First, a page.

Well, like Lessing, I'm not impressed in the least with the offering of reform. Lessig backs the public financing legislation as an alternative. I still don't see how though, this is a solution to what SCOTUS laid out in favor of corporations.
But I've been lukewarm about public financing of campaigns, and have seen it crushed at the ballot in state after state, though a few examples of it working are out there. The best route is to instead force upon SCOTUS the definition of a corporation that limits the amount of power they are able to bestow to those corporations.
And by this, I'm basically talking about imposing upon the law a sharp distinction between corporations and persons. If that's an amendment process or just a changeover of one of those 5, that's what will be the real change. Consider this take:
Supreme Court Justice John Paul Stevens may have had his tongue in his cheek, or perhaps wanted merely to taunt the majority, when he wrote in Thursday’s opinion on the role of corporations in national politics: “Under the majority’s view, I suppose it may be a First Amendment problem that corporations are not permitted to vote, given that voting is, among other things, a form of speech.” It is a tantalizing notion.
Suppose that General Motors Corp., troubled that a candidate for Congress from Michigan was too favorable to the United Auto Workers, decided to do everything in its corporate power to defeat that candidate. So, aside from spending huge sums of its own money (none of it federal bailout money) to influence the outcome, it went to the office of the voting registrar in downtown Detroit. It sought to sign up, affirming that it was a citizen and resident of Michigan. Denied registration, it sued, claiming that, under the Fourteenth Amendment of the U.S. Constitution, it was a “person,” and, as a “citizen,” it was entitled to equal protection under the election laws. Would the Supreme Court buy that?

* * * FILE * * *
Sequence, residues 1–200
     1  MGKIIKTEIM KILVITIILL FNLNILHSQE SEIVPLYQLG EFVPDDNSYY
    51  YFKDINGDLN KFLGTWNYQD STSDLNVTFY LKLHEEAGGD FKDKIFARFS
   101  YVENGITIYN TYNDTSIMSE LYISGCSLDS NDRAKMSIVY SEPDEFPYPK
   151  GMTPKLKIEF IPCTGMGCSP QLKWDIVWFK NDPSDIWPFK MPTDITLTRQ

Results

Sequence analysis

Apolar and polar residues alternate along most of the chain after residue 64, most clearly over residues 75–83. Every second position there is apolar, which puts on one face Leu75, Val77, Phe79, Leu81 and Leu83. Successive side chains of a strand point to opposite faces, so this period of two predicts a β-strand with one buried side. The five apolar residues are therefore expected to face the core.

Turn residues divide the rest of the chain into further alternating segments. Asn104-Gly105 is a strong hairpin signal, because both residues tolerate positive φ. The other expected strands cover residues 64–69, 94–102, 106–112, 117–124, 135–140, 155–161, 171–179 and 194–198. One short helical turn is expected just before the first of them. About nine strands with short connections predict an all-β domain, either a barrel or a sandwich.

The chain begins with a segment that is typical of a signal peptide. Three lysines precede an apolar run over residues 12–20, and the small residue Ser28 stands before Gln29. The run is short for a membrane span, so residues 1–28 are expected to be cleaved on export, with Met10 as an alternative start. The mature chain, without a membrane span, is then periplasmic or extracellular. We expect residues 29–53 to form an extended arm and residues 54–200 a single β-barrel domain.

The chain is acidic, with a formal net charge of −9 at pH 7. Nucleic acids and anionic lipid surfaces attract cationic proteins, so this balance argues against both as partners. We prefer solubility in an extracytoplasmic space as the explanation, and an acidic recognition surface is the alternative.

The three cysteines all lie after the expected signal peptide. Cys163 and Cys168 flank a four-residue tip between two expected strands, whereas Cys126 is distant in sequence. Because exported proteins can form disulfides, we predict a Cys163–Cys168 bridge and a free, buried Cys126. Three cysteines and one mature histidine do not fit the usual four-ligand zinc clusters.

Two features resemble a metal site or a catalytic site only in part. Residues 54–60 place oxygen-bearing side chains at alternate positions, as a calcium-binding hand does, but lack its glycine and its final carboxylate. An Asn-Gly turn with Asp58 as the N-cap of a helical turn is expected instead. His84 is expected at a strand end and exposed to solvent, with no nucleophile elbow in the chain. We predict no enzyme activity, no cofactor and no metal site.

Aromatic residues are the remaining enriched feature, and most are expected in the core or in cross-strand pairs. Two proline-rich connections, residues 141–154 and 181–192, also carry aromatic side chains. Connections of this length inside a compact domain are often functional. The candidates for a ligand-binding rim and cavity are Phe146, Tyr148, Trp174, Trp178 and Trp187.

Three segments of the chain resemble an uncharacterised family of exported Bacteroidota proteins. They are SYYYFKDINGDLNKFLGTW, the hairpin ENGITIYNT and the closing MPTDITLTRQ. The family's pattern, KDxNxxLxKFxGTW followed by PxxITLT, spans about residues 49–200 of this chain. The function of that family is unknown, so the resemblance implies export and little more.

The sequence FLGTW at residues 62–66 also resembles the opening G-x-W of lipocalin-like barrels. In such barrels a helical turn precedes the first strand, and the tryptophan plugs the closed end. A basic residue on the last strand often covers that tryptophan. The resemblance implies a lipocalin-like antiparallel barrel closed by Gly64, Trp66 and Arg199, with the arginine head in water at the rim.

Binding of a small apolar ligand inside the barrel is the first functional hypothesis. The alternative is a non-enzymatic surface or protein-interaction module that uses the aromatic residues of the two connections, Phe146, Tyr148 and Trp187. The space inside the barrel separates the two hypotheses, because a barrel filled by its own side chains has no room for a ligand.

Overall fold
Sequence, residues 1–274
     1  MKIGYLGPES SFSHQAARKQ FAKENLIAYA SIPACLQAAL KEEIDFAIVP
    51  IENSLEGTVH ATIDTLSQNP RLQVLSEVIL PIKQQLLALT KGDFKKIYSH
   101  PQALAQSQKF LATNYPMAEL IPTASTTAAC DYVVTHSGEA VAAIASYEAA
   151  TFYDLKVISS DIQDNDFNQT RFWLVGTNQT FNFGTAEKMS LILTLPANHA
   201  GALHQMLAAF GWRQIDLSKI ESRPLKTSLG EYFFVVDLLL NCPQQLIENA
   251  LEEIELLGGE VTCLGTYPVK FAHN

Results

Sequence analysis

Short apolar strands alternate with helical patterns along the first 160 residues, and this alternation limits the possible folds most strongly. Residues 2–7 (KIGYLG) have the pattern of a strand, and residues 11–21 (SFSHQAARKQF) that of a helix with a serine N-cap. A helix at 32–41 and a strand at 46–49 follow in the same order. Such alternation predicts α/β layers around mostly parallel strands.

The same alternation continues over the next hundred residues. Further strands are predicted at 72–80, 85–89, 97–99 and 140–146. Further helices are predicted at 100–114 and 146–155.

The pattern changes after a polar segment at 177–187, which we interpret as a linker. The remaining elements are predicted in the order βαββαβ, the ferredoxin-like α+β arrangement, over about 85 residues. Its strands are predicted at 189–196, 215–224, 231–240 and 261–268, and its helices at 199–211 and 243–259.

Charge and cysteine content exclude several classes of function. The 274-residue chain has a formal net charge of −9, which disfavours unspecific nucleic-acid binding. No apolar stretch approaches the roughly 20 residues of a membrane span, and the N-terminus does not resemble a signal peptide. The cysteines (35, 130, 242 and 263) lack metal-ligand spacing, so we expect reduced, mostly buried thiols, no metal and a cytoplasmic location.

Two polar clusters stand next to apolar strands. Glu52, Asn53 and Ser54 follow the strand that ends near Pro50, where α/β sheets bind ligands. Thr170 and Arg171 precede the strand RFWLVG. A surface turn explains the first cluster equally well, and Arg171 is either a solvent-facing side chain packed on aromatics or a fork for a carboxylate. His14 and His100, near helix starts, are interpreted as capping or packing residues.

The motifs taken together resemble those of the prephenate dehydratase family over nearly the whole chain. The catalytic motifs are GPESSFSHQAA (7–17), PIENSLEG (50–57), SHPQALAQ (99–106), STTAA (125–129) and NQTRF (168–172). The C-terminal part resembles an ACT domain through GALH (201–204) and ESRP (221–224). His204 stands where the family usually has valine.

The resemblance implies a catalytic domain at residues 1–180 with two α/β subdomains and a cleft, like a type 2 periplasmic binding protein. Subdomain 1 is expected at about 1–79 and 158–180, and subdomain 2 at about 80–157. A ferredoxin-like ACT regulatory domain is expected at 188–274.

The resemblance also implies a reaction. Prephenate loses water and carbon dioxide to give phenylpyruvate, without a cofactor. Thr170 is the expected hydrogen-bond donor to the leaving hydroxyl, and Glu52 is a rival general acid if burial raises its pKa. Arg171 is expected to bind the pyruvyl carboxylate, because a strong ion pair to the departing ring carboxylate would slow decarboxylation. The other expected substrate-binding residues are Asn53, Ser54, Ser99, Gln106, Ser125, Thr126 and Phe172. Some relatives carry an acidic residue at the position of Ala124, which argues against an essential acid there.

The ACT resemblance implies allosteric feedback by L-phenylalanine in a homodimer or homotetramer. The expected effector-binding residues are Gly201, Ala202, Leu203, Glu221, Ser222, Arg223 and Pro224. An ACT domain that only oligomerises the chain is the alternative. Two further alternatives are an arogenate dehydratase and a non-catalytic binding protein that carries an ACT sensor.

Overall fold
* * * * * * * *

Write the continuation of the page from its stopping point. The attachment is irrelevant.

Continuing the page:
...If anything, the decision in Citizens United v. Federal Election Commission conferred new dignity on corporate “persons,” treating them — under the First Amendment free-speech clause — as the equal of human beings.
At least in politics, the Court majority indicated, corporations have a voice, and they have worthy political ideas. Here is the way Justice Anthony M. Kennedy put it (partially quoting from an earlier ruling): “Corporations and other associations, like individuals, contribute to the ‘discussion, debate, and the dissemination of information and ideas’ that the First Amendment seeks to foster.”
...The rehabilitation of the corporate “person” almost certainly was a project that five of the Justices were prepared to embrace. It could be argued, indeed, that the Court put the case over to the current Term for a second argument, focused on corporation’s rights under the Constitution, as part of that project. There was not a hint that those five, in the end, were in any way moved by the suggestion at that second argument by Justice Sonia Sotomayor that the Court may have been wrong for a century about awarding “personhood” to corporations.